Club America's appearance at the upcoming FIFA Club World Cup Japan 2006 will cap a highly significant year for Mexican football.

At club level, two of its sides currently find themselves in the last four of the coveted Copa Sudamericana, while the country's long-term prospects look set to benefit from the recent exodus of players to some of the world's top leagues. 

America, for their part, will also be doing Mexico proud for when they take on the cream of club football in the Far East this December. As well as a core of seasoned professionals, the Mexico City outfit will also have two of the country's finest young prospects in their ranks: goalkeeper Guillermo Ochoa, and defender Jose Antonio 'El Gringo' Castro, both outstanding products of the club's youth academy.

Having been members of Ricardo La Volpe's Mexico squad at this summer's FIFA World Cup™ in Germany, Ochoa and Castro are not lacking in big-tournament experience. Now, as they prepare for the upcoming FIFA Club World Cup, both admit that over and above the opportunity to help America claim a prestigious title, Japan 2006 will be an excellent chance to put themselves in the international shop window.

Ochoa's dream
"I believe that all my team-mates, from the most experienced to the youngest, will have that in the back of their minds," says the club's first-choice keeper Ochoa. "You always hope and dream that one day you'll play in Europe, in one of the world's top leagues.

"This tournament will be a great opportunity to showcase our skills, as all the world will be watching. Performing well against the big clubs could convince those very teams to believe in you and try to secure your services."

For the 21-year-old keeper, it is vital that this chance to shine does not pass him by: "This is one of those major tournaments that everyone watches, which is why you have to play a leading part. For any club it's important to win tournaments of this magnitude. Here at America, we're taught from an early age the importance of trying to win every competition we enter, and this will certainly be no exception."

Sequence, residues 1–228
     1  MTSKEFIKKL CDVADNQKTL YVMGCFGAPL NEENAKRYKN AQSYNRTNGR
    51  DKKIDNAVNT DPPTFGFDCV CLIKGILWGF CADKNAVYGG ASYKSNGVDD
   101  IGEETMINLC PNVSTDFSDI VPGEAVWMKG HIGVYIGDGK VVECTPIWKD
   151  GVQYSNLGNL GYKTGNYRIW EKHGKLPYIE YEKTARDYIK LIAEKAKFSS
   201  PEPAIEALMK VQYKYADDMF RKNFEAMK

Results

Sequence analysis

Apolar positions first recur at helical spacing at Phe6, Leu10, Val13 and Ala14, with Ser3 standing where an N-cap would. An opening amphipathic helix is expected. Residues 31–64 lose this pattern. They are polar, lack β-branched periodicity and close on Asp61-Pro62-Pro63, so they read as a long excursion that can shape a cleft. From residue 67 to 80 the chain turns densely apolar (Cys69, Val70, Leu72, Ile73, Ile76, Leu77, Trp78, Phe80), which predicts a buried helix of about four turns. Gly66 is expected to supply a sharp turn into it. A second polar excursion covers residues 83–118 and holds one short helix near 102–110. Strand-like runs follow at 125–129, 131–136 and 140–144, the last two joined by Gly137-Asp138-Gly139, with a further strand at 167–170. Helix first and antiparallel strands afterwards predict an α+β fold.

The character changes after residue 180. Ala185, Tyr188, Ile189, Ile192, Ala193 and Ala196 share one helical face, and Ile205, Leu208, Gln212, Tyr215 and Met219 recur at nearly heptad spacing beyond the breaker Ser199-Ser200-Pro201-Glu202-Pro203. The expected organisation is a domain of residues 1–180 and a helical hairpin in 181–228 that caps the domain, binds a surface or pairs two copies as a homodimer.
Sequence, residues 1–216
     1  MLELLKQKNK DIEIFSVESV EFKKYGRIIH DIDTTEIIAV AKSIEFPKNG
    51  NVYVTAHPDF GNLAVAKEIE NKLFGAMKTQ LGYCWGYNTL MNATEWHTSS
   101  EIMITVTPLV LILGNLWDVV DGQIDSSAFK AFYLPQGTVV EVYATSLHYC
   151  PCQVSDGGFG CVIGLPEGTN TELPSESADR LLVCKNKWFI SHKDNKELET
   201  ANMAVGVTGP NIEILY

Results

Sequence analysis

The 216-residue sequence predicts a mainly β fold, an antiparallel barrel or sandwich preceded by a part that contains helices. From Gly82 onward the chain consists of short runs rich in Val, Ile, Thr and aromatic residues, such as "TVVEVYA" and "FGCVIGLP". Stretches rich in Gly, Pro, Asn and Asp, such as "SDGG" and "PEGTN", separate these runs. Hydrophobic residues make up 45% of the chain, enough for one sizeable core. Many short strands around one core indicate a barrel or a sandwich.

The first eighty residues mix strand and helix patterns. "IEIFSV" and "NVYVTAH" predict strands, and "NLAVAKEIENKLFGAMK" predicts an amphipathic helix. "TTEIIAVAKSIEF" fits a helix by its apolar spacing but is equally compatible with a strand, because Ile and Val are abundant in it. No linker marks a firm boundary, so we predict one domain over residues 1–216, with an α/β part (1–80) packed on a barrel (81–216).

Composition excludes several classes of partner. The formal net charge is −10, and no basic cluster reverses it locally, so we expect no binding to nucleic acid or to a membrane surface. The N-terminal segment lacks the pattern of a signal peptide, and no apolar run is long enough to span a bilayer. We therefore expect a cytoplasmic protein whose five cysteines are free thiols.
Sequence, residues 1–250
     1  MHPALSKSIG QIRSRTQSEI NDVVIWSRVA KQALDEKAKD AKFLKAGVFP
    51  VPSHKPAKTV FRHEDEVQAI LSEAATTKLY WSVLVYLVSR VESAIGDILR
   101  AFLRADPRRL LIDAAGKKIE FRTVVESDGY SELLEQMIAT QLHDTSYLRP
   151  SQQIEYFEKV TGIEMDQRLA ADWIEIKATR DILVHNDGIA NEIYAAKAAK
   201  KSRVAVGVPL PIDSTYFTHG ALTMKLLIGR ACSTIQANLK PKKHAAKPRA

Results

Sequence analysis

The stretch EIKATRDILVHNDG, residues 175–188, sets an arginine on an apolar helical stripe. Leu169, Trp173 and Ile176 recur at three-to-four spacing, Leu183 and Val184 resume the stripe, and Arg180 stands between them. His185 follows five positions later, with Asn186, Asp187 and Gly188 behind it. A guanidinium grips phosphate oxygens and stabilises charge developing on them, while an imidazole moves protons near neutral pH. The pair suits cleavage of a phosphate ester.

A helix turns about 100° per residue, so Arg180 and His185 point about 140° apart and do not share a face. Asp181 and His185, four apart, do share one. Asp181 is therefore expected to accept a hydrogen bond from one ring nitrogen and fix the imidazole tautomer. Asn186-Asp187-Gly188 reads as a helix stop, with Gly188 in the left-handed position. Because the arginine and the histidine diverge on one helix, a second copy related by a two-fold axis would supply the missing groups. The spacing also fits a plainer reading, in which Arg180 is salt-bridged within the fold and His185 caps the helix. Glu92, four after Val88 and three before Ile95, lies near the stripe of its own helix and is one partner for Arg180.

Despite still being relatively young, Ochoa's experience at Germany 2006 will give him a good indication of what to expect against such powerful sides as Spain's FC Barcelona and Internacional of Brasil. "When you walk out on the pitch, you need to bring with you everything you've seen and learnt: things like how to manage the game and its pressure situations, and how to deal with the intensity that matches like these must be played at," he says.  

'A great chance to be seen'
Jose Antonio Castro echoes his team-mate's sentiments, insisting that the FIFA Club World Cup is one of the best opportunities to make a name for oneself on the international stage.

"We're obliged to try and win everything we participate in, and we've learned to live with that pressure," said the 26-year-old. "At a personal level, it's also important to show that you can play to a certain level and are capable of performing in any league in the world."

As a right-back, Castro is tough in the tackle, yet quick to break from deep, qualities that could well appeal to attack-minded European outfits. "Of course it's a great chance to be seen," admits El Gringo. "We all dream of getting the opportunity to play in Europe. This benefits more than just the player concerned, as we've seen here. It starts a kind of chain reaction: one player goes, another follows, and then another - it's good for Mexican football."

With both Castro and Ochoa key players for The Eagles, the pair's added motivation to do well in Japan can only help the club in their quest for glory next month.